Continuing Education Credits
To receive continuing education credits and a certificate of completion, you first need to register for the course. Upon registration, a link to the course quiz will be emailed to you. To receive credit, you must answer 7 of 10 questions correctly. The quiz can be taken multiple times.
ABOUT THIS ONLINE COURSE
In 2007, the United Nations initiated a multi‐year renovation of its New York City headquarters, the Capital Master Plan (CMP). The campus-wide renovation, the most extensive since the campus was built in the 1950s, meets LEED Gold criteria, with the Secretariat tower achieving LEED Platinum certification. However, the decision to retrofit rather than demolish the existing buildings arguably achieved the greatest sustainability results―avoiding waste, reusing materials, and keeping tons of carbon dioxide out of the atmosphere.
To better understand the quantity of these savings, Michael Adlerstein, the Assistant Secretary-General and Executive Director for the UN Capital Master Plan, led a study to assess the carbon-saving value of the structures that were retained. The results of this study not only shed light on the magnitude of the savings, but also highlight the value and urgency of building reuse and renovation in reducing global greenhouse gas emissions. Join us for a discussion with Michael Adlerstein, John Amatruda and Kris Baker on the findings from this groundbreaking study.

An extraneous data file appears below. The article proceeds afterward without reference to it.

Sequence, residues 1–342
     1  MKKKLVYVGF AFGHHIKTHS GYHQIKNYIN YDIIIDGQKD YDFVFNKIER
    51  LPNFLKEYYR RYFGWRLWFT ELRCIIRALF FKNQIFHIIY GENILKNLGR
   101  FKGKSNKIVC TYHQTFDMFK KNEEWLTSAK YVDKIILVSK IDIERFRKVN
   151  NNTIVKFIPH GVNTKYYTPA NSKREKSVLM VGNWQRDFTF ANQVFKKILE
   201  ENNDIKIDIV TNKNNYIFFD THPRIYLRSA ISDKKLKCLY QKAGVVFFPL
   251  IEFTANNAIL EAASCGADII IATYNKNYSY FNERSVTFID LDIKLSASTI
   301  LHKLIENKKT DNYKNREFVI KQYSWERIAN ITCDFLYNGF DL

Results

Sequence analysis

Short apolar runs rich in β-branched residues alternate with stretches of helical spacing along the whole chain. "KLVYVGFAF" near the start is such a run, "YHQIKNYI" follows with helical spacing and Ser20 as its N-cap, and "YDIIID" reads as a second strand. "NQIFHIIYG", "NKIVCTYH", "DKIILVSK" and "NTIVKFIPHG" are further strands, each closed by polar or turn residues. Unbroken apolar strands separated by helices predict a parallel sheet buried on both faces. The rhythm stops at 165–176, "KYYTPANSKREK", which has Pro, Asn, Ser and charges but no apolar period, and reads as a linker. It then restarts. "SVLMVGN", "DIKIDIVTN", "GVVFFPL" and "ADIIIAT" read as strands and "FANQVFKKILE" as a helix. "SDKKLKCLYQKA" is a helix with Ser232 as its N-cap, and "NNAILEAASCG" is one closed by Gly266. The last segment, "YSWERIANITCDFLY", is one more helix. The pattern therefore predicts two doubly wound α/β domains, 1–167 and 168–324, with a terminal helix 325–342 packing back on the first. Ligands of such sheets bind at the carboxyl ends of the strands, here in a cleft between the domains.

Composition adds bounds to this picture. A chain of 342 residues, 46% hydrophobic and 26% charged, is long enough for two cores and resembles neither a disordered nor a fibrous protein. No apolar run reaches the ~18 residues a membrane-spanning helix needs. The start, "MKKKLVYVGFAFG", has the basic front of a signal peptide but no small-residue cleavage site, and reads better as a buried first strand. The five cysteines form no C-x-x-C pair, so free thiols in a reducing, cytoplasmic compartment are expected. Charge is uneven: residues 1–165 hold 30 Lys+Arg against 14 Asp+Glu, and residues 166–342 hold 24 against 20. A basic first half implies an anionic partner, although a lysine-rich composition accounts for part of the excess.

This online course was recorded from a live event, and occasional background noises may be present.
After this session, participants will:
- Understand the differences between “operational” and “embodied” carbon emissions.
- Understand how energy modeling and life cycle assessment software allows designers to predict operational and embodied carbon emissions from buildings.
- Understand the relative impacts of new construction versus retrofit on operational and embodied carbon emissions, based on the UN HQ example.
- Describe how building retrofit and renovation can play a significant role in reducing new carbon emissions, as compared to new construction.